Trusts FAQs

Trusts FAQs

What is a trust?

A trust is a legal relationship in which one person (the trustee) holds legal title to the property for the benefit of another (the beneficiary). Many kinds of trusts exist, and each state has different rules outlining the specific requirements for trusts.

Trusts are used to accomplish a variety of estate planning goals. A trust may supplement a will or replace a will. A trust may allow your estate to avoid probate. A trust may be created to manage a person’s property or protect it from creditors. Some trusts provide tax benefits or reduce tax liabilities.

To create a trust, the trust maker (usually called the settlor or grantor in the trust document) transfers legal ownership of his or her property to a person or institution, the trustee. The trustee can then manage the property for the benefit of another, the beneficiary. Often the trustee receives compensation for serving as trustee. A trustee has a fiduciary duty to act in the best interests of the beneficiary.

Depending on the type of trust, a trust maker may name himself or herself a trustee or a beneficiary. Regardless of what kind of trust a person establishes, the trust will only become effective after the trust maker has funded it, i.e., transferred assets to it.

How important is Trust?

In the video, Vinny discusses the value of Trust, addressing both who will be in control in the event of your incapacitation and who will receive what when you pass away. He explains that you can include specific clauses in your Trust to protect your loved ones’ futures and keep your inheritance out of the wrong hands. In case you have a child with special needs, he also mentioned creating a special trust.

What is the difference between a revocable trust and an irrevocable trust?

A revocable trust is a trust that the trust maker can change, amend, or revoke during his or her lifetime. The trust maker still has complete control over the assets that he or she has transferred into the trust. Revocable trusts may include a provision that makes that trust irrevocable on the trust maker’s death. On the other hand, an irrevocable trust is one that the trust maker cannot modify or revoke. The maker of an irrevocable trust permanently relinquishes any right to make changes to the trust.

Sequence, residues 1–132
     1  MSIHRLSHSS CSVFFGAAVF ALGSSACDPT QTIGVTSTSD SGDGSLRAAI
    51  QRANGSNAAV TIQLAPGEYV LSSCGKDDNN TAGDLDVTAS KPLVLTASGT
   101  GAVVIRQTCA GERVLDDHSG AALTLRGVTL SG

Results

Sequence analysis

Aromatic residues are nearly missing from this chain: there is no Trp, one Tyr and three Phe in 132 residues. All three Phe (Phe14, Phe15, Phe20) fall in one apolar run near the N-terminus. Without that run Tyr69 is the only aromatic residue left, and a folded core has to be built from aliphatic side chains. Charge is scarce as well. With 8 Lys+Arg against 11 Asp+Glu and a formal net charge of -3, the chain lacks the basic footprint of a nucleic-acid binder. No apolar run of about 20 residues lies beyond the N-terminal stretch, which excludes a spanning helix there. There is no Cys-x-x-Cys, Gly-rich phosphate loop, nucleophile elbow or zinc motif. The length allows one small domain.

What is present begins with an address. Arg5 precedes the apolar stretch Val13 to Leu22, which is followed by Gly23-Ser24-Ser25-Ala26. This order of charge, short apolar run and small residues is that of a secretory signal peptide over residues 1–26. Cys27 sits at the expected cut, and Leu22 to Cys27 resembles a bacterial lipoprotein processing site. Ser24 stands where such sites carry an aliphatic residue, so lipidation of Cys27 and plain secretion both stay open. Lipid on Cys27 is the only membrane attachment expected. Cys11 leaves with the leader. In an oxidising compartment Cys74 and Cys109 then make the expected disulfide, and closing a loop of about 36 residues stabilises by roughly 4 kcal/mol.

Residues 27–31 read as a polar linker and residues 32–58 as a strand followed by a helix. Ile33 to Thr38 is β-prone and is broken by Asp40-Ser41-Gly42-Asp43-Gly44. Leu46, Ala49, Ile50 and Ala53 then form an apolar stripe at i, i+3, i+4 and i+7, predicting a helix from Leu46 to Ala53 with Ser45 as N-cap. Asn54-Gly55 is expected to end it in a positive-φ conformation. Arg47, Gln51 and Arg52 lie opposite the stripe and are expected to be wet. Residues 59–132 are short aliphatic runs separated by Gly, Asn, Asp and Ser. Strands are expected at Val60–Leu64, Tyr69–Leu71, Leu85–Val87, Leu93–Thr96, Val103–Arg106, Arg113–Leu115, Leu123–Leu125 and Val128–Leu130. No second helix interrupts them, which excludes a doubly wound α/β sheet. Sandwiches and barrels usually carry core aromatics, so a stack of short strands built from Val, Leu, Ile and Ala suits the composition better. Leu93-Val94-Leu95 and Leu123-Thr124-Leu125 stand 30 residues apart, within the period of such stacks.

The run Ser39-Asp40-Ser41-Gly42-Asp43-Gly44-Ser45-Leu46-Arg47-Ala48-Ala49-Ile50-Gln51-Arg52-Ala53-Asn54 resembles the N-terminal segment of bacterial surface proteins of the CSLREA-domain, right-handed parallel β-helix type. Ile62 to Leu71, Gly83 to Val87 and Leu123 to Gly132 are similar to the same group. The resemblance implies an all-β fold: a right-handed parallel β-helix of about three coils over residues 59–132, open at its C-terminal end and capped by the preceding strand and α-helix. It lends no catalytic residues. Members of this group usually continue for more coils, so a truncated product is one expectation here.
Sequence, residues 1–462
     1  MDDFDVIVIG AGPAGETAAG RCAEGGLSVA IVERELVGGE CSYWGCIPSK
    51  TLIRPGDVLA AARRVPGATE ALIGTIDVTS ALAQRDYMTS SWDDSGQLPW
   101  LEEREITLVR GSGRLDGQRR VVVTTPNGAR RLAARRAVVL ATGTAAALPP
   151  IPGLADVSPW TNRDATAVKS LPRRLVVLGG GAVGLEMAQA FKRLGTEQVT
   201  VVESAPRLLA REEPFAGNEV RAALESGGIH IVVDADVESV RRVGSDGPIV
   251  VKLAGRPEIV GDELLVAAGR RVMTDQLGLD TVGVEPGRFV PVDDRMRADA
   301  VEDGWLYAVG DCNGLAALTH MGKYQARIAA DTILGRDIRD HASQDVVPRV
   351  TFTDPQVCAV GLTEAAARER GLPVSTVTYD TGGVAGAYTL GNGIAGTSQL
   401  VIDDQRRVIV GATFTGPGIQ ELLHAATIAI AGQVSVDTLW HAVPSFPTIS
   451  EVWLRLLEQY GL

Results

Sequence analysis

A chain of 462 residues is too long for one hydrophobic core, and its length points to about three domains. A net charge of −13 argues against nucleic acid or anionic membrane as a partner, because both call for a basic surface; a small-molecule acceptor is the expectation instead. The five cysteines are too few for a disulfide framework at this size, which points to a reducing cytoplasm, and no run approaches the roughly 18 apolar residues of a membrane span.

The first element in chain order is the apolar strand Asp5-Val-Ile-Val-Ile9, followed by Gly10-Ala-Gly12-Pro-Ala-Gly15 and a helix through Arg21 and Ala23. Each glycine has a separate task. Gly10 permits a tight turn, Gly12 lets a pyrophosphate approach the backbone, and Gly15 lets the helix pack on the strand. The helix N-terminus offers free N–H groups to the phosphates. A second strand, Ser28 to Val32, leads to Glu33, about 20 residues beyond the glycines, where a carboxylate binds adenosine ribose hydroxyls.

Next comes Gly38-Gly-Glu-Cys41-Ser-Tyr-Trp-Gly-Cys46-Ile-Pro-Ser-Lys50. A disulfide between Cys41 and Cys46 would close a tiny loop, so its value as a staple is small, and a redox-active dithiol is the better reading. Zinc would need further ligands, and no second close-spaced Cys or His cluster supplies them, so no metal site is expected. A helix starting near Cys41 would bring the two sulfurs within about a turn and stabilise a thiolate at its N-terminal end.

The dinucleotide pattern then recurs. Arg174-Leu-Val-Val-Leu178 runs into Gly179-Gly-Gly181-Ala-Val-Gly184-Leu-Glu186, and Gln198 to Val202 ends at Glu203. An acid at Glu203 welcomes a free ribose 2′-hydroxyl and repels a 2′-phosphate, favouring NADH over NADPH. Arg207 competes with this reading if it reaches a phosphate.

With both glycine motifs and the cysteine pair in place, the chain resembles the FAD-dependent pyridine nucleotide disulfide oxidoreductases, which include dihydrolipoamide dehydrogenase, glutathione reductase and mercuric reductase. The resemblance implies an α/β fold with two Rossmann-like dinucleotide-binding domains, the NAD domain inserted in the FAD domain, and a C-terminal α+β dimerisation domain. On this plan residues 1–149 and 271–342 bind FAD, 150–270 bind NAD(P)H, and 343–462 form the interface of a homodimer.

What is the difference between an inter vivos trust and a testamentary trust?

A testamentary trust is a trust that is funded and comes into existence only after the maker has died. Testamentary trusts may be created by a will or living trust. A testamentary becomes irrevocable on the maker’s death.

A testamentary trust, as opposed to an outright gift, allows the maker to have more control over the management and distribution of his or her property after death. For example, parents often establish a testamentary trust for the benefit of their minor children through which the trustee manages the assets and disbursement of money to the children until the children reach a certain age or attain certain milestones.

An inter vivos trust is a trust that is established and funded during the maker’s lifetime. It may terminate after a specified period or on the trust maker’s death, or it may continue after the trust maker’s death. An inter vivos trust may be revocable or irrevocable. One type of inter vivos trust, the revocable living trust, may allow a person’s estate to avoid probate IF his or her assets were transferred into the trust before his or her death.

Irrevocable inter vivos trusts are often used for protecting property from creditors or for certain tax benefits.

What is a revocable living trust?

A revocable living trust is an estate planning tool. A revocable living trust is created between the trust maker (called the settlor or the grantor) and the trustee for the benefit of the trust beneficiaries.

The trust maker is you (or you and your spouse). The trustee is the person or persons whom you designate to manage your trust, typically you (or you and your spouse) during your lifetime and a successor on your death. Your trust beneficiaries are the individuals and/or organizations whom you designate to receive your assets on your death.

Once your revocable living trust is created, you transfer your assets into the trust. The trust assets, however, are still considered yours to be used for your benefit throughout your lifetime. The trust maker of a revocable living trust can change, modify or terminate the living trust during his or her lifetime.

Living trusts are usually drafted to include a backup (or successor) trustee who will manage your trust in the event you die or become incapacitated. The trust will most likely include special provisions that allow for the management and distribution of the trust assets upon your death. On your death, your trustee distributes your property to your beneficiaries under the terms of your trust without the need to go through probate.

What are the benefits of a revocable living trust?

A revocable living trust provides several benefits that are not available with a will.

When you die, the assets in your living trust do not need to go through probate. Probate can be time-consuming and costly. With a revocable living trust, your trustee can manage your estate and transfer your assets to your designated beneficiaries immediately on your death without delay or payment of probate fees.

Because your trust does not need to be probated, it does not become a public document, so the details of your estate plan remain private.

If you own real estate in more than one state, a living trust can eliminate the need for multiple probate proceedings in each state in which the property is located.

A living trust permits you to name a successor trustee to take over management of the trust assets if you are incapacitated, which may avoid the need for a court-appointed guardian.

What are the disadvantages of a revocable living trust?